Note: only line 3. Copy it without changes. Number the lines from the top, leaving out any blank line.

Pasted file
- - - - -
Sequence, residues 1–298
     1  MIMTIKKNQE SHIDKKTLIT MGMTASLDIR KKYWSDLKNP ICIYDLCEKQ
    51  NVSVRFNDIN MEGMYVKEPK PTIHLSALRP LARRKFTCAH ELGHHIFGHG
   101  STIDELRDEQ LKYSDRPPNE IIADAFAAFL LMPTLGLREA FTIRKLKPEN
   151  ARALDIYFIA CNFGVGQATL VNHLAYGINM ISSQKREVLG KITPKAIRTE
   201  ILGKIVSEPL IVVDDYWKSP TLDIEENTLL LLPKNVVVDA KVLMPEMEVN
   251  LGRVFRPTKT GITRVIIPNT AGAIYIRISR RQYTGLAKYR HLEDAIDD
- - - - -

    51  NVSVRFNDIN MEGMYVKEPK PTIHLSALRP LARRKFTCAH ELGHHIFGHG